Document Type

Dissertation

Publication Date

2015

Abstract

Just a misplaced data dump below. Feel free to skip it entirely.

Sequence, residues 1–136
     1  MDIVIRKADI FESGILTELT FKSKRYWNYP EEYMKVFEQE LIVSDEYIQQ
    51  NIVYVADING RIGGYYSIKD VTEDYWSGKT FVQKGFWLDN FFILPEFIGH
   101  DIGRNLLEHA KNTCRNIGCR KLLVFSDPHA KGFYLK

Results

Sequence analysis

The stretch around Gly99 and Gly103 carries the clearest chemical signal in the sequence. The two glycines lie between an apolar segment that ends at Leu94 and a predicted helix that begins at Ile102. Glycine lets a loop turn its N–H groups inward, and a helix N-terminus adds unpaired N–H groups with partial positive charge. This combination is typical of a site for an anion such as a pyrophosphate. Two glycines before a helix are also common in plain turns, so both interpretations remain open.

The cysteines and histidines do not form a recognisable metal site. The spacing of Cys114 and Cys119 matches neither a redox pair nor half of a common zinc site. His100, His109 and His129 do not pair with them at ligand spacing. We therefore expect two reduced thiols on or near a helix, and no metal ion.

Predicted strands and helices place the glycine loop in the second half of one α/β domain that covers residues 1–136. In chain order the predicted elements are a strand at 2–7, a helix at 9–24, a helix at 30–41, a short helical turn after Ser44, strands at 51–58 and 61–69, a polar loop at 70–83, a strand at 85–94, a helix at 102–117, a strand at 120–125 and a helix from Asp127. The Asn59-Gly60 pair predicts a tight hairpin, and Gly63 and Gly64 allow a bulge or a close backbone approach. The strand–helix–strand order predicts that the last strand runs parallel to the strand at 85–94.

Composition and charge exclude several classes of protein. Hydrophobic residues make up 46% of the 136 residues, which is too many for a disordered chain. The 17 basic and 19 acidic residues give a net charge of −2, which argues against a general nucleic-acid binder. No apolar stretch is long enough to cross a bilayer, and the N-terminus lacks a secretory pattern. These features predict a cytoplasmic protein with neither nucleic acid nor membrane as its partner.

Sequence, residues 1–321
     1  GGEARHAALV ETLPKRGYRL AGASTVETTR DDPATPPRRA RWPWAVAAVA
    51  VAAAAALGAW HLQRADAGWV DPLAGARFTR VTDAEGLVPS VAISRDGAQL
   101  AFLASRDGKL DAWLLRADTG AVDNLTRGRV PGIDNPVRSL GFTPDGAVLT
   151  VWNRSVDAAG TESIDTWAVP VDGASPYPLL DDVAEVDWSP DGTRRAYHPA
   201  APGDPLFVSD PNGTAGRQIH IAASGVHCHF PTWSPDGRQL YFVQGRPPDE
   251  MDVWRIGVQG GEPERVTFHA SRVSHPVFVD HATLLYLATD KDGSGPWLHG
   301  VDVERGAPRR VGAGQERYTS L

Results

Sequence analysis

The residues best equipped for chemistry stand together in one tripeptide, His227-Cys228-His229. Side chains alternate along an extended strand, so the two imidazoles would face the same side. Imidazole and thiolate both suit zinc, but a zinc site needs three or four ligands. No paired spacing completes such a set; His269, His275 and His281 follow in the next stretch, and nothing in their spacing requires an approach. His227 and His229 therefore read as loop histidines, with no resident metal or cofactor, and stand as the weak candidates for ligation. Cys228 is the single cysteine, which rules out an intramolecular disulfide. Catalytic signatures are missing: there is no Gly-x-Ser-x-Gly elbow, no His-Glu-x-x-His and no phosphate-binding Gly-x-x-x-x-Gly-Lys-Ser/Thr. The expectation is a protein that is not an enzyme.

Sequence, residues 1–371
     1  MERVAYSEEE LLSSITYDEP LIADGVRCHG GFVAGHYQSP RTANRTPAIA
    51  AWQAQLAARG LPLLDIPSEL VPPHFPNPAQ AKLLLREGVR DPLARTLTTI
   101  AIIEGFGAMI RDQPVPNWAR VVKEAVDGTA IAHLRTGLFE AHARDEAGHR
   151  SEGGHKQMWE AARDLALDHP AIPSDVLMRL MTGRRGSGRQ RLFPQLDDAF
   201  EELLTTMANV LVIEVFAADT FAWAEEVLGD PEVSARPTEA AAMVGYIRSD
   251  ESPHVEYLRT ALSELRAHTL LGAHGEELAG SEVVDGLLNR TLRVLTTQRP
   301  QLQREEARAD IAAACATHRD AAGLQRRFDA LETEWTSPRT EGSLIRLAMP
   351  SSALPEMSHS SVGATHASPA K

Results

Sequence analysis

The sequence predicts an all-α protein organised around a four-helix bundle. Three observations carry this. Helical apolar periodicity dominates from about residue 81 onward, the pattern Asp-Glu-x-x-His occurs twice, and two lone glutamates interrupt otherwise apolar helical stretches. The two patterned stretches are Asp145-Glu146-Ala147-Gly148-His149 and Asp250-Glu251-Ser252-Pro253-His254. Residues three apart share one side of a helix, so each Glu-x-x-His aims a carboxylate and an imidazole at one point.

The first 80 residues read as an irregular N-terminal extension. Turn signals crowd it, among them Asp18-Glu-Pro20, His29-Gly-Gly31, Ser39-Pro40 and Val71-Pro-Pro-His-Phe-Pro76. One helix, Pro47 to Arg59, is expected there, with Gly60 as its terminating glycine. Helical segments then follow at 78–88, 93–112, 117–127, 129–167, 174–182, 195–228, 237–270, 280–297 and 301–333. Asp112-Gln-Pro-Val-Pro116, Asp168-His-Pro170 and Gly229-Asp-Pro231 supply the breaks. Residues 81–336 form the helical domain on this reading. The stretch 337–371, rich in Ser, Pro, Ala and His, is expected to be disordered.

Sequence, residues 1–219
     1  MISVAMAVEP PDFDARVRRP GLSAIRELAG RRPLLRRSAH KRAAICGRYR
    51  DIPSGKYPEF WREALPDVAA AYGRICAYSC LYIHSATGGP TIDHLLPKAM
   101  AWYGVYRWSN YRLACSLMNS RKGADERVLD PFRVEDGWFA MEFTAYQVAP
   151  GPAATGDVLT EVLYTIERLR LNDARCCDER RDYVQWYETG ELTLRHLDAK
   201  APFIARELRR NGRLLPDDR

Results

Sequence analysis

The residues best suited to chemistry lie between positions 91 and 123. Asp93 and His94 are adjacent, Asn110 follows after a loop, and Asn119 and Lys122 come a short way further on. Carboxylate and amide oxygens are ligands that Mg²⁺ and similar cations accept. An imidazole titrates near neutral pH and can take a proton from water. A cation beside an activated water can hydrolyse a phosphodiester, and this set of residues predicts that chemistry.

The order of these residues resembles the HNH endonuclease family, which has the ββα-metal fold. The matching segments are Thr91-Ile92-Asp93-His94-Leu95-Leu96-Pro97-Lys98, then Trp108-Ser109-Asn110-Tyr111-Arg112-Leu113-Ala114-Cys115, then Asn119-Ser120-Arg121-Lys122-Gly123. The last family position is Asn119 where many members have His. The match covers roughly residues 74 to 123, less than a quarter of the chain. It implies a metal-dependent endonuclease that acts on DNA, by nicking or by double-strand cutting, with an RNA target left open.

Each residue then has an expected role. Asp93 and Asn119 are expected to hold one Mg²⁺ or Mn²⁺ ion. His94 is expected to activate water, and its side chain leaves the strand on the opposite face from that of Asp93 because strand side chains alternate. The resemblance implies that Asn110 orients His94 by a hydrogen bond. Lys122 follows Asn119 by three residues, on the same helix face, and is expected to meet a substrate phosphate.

Abstract Background: The parent caregivers of a child with an Intellectual Disability/Developmental Disability (ID/DD) face lifelong challenges that may at some point involve the decision about residential group home placement of the adult child. In the course of the child’s lifetime, the parents who have provided care may need to consider a safe alternative. The decision about residential group home placement of the adult child can be the result of numerous factors. Objective: The purpose of this qualitative inquiry was to investigate the phenomenon of how the parent caregivers made the decision for residential group home placement for their adult child with ID/DD. Another purpose was to generate a substantive theory that describes and explains how the parent caregivers of the adult child with ID/DD made the decision for residential group home placement. This phenomenon represents a unique gap in nursing literature and nursing knowledge. Lastly, investigation of the phenomenon attempted to identify the presence of shared decision making among clinicians, nurses, the interdisciplinary healthcare team, and parent caregivers in this vulnerable population during the decision-making process. Method: Using Grounded Theory methodology, the researcher investigated the phenomenon of how parent caregivers made the decision about residential group home placement for their adult child with ID/DD. Sampling was purposive, theoretical maximum variation. Using Grounded Theory, a substantive theory was constructed based on accounts of 15 community-dwelling parent caregivers as participants. Sample size was determined when saturation of the data had been reached and no additional themes emerged. The group of participants included parent caregivers who had already placed their adult child with ID/DD in a residential group home (n = 14). In addition, so the researcher could more fully understand the phenomenon, the experience of a parent who decided against residential group home placement was explored through interview (n = 1). Mean age of the parent caregivers was 62.1, mean duration of caregiving across the group was 25.1 years, mean duration of years since placement across the group was 3.8 years. Results: The basic social problem was identified as parent caregiver readiness to make a decision. Parents Cannot be Caregivers Forever was identified as the core concept/central problem of caregiver readiness. When parent caregivers identified the reality that they could not be caregivers forever based on the caregiving demands of the adult child with ID/DD, they were ready to make residential group home placement decisions for their adult child with ID/DD. Four parent caregivers’ theoretical constructs were associated with the identified reality that Parents Cannot be Caregivers Forever: normalcy, burden, mortality, and support system. Parents go through many stages and adjustments during their lives when caring for a child with ID/DD. It is imperative that placement information be presented to parents by the interdisciplinary team at a point in time when they are receptive to accept. This research also identified that it is important for parents to communicate with other families and have interaction with supports that offer a sense of what the future may look like. By including the healthcare team and particularly nurses, parents will be able to adapt the information and participate in a shared decision-making process. Conclusion: Nurses are often part of the decision-making process when the parent caregivers of a person with ID/DD are making the decision for possible placement for their adult child who is moving from the family home into a residential group home setting. Residential group home placement decisions for the adult child with ID/DD is based on the parent caregivers’ readiness to identify that parents cannot be caregivers forever presented by the ID/DD diagnosis as the child ages. Greater understanding and clarity of this phenomenon will inform clinicians, nurses, and members of the interdisciplinary healthcare team on the future creation of targeted interventions or strategies to assist with shared decision making for this unique vulnerable ID/DD population. These targeted interventions and strategies can potentially influence parent decision-making experiences positively, improve their decision-making abilities, and offer professionals direction for further research.